Lately things started to go wrong, however. I started getting error messages when I logged into the admin panels of my sites. My friend John Mackay sent me a note via Facebook telling me links on my site were down. Vint Cerf sent me a note after receiving the CTOvision monthly tech review telling me he could not reach the piece that talked about the Devost/Houghton/Pollard paper “Can You Trust Your Toaster?” How embarrassing for me. One of the father’s of our modern world wanted to read something on my site and I let him down.
I tried giving my sites more memory, and that seemed to work, but only briefly.
I am a busy guy and thought the easy way ahead for me would be to just cut and run away from Rackspace. I sent a little ping out on Twitter asking folks to tell me who I should switch to
A few friends replied, there are definitely other firms out there I could jump to. Rackspace also replied. Then they e-mailed me asking for more info and opened a ticket to ensure their support staff would be all over this. They proactively started digging and when I contacted them with more info they jumped all over this and found out exactly what the problem was. It turns out the problem was a complex configuration of my site’s plug-ins and some related settings that was causing one plug-in in particular to hog all my compute cycles. Rackspace recommended some very easy steps to mitigate that issue.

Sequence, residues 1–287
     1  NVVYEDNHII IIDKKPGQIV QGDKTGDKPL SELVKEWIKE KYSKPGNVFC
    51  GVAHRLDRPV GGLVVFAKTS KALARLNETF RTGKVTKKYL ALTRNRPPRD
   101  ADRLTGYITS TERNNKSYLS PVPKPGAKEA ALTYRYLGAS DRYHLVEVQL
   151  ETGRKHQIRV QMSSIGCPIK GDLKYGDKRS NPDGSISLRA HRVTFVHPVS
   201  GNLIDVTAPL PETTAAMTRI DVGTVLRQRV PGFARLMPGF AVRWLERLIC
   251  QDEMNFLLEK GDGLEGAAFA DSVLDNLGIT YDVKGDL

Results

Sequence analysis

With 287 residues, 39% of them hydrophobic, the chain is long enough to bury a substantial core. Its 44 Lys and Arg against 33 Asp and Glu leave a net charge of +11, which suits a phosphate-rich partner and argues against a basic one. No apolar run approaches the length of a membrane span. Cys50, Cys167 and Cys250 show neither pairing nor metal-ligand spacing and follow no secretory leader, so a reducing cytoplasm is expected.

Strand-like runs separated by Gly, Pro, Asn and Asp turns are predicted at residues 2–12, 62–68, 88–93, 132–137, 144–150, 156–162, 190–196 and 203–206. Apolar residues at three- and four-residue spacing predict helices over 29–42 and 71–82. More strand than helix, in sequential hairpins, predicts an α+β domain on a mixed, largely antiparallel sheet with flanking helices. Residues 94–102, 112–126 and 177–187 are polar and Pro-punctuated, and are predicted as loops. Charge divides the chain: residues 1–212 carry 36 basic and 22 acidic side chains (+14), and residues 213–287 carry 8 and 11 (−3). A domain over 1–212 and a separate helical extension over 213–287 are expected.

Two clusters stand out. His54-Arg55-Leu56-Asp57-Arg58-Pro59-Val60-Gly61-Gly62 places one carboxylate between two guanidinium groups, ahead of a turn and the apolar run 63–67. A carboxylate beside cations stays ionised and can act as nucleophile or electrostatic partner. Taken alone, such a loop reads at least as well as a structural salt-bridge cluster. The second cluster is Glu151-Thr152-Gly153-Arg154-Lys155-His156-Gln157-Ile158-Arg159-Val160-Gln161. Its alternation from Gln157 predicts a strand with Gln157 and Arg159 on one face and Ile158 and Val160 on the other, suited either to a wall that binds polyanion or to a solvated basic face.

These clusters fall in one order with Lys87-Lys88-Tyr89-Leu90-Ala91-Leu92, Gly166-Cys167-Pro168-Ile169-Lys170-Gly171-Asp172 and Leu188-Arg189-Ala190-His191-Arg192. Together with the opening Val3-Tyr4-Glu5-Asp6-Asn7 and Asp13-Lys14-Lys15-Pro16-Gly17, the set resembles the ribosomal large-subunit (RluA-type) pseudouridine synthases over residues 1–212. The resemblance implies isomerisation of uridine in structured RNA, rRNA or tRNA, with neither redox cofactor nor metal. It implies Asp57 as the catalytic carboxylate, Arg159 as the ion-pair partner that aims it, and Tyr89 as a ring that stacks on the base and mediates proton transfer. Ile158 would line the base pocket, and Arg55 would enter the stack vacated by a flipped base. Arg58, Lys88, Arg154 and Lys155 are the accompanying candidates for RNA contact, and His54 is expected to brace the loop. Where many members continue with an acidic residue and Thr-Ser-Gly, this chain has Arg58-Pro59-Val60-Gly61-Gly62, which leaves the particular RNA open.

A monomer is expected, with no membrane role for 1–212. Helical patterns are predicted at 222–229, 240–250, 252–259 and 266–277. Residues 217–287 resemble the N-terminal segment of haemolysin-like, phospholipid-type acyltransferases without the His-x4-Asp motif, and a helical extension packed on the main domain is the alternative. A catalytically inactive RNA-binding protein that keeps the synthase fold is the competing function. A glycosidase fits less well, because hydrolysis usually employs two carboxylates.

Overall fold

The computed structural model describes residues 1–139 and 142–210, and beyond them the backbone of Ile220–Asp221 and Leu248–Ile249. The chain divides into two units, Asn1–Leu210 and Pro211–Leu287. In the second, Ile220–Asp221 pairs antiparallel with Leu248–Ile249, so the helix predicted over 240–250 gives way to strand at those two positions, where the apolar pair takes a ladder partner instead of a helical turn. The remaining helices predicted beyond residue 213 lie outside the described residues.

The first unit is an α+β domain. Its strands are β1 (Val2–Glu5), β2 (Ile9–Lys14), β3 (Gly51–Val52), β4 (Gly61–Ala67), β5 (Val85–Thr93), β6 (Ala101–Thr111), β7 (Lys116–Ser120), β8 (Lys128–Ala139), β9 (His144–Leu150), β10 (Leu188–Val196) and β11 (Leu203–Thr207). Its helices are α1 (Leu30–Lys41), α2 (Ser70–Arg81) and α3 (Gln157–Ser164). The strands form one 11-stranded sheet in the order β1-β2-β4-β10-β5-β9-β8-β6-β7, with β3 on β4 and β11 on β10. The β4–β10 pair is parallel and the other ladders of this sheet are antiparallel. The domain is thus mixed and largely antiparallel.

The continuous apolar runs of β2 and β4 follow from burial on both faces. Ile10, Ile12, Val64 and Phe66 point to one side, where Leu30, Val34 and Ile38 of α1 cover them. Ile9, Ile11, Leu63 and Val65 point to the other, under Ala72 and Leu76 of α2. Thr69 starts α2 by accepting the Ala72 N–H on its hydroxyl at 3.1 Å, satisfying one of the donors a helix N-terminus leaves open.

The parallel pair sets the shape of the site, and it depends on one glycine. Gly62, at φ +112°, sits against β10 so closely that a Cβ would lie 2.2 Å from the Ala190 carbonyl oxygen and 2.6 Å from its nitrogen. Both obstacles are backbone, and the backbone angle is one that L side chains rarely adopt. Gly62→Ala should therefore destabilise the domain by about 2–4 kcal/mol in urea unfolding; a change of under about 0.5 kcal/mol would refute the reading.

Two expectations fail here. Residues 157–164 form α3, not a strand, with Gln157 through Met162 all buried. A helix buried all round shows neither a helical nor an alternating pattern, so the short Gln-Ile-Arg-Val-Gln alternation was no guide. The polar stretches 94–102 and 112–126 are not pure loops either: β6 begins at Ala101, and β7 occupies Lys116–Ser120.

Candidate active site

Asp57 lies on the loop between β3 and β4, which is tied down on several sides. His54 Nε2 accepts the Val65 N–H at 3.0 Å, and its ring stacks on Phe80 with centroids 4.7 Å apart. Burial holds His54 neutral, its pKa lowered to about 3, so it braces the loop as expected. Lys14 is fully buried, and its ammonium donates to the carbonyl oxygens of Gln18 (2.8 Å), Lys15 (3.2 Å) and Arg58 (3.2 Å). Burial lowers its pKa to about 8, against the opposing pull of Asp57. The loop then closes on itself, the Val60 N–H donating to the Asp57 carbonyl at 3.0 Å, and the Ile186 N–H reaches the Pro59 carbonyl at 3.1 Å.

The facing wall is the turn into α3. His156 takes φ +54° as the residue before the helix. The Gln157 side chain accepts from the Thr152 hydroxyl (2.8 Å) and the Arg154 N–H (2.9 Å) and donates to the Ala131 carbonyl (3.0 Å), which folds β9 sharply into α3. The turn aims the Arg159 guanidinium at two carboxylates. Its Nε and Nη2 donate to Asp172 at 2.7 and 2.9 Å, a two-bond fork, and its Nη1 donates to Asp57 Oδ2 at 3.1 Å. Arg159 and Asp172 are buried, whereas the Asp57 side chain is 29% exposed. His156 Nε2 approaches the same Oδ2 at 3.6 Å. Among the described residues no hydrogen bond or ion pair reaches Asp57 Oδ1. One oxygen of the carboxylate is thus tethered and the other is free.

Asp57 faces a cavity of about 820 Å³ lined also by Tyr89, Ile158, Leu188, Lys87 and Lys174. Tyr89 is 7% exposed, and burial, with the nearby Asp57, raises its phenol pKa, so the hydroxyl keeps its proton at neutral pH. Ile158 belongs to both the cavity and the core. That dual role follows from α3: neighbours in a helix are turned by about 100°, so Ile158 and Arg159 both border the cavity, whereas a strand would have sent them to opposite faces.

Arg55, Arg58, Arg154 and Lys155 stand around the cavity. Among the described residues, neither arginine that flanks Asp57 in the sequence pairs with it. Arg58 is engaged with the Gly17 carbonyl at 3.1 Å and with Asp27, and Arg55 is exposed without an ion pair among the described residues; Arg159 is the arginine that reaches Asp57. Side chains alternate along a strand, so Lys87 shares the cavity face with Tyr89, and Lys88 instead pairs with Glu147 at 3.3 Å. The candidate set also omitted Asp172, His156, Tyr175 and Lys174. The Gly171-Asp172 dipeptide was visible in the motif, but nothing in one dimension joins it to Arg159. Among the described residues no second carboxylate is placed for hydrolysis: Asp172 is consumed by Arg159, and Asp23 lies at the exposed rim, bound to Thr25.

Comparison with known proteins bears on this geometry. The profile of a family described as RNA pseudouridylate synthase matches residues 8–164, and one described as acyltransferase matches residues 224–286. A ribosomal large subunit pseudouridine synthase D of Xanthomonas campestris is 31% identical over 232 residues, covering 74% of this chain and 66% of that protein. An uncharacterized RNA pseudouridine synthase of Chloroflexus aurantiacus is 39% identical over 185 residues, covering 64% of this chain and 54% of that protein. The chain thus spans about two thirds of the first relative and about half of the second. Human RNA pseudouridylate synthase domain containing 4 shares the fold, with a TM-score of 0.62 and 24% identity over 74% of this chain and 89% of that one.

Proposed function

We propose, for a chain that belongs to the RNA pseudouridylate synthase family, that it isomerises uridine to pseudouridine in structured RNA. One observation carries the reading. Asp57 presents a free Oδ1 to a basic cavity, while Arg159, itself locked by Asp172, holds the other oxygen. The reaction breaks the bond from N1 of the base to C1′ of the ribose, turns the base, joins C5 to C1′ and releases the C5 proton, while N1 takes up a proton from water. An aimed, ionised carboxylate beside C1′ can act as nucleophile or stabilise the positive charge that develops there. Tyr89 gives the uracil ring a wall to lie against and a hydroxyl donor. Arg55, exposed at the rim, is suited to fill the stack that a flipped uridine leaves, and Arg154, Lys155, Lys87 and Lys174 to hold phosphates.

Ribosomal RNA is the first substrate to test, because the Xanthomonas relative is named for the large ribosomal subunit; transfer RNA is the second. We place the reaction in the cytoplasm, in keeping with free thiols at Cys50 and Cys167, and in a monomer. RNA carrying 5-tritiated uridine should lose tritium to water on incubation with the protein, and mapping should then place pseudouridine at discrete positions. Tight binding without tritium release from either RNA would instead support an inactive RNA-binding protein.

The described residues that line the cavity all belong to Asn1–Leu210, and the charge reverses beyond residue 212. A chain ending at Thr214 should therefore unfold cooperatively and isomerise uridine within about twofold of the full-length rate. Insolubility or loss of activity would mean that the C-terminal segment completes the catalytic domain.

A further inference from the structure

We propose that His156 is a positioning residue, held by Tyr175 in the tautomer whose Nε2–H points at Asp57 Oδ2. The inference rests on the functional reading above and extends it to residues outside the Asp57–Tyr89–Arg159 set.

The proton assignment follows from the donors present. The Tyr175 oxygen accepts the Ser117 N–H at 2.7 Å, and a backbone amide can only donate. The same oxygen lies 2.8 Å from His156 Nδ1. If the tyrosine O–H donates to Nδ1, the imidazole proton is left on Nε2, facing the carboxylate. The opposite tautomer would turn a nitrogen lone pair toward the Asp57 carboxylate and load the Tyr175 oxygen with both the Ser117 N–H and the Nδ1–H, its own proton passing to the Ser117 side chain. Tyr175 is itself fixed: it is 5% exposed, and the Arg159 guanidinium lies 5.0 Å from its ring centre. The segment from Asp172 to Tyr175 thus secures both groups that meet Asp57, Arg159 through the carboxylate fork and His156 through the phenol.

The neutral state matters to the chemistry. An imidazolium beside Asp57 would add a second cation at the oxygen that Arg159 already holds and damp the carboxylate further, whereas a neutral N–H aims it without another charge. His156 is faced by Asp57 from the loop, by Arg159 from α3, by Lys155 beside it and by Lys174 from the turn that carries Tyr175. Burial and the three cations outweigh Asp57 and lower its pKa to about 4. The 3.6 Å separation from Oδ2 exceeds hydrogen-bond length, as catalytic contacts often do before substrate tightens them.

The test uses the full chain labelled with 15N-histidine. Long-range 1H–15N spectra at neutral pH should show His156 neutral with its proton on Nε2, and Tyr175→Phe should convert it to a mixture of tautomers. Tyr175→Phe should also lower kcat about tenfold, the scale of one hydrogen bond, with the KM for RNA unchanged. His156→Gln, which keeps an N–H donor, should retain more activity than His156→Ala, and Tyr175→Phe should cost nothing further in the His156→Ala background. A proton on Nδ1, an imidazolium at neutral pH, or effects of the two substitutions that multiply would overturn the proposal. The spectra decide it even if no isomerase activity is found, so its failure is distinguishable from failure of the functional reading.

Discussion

Now all sites are working faster and I have not seen any embarrassing dead links to real traffic.
Huge lesson for me: I should have gotten Rackspace up in chat first instead of jumping to the wrong conclusion that building pristine instals on a new webhost would solve my problem.
It is a free country and I reserve my right to switch hosts at the drop of a hat. But this episode reflected greatly on Rackspace and my current intent is to stay with them long term.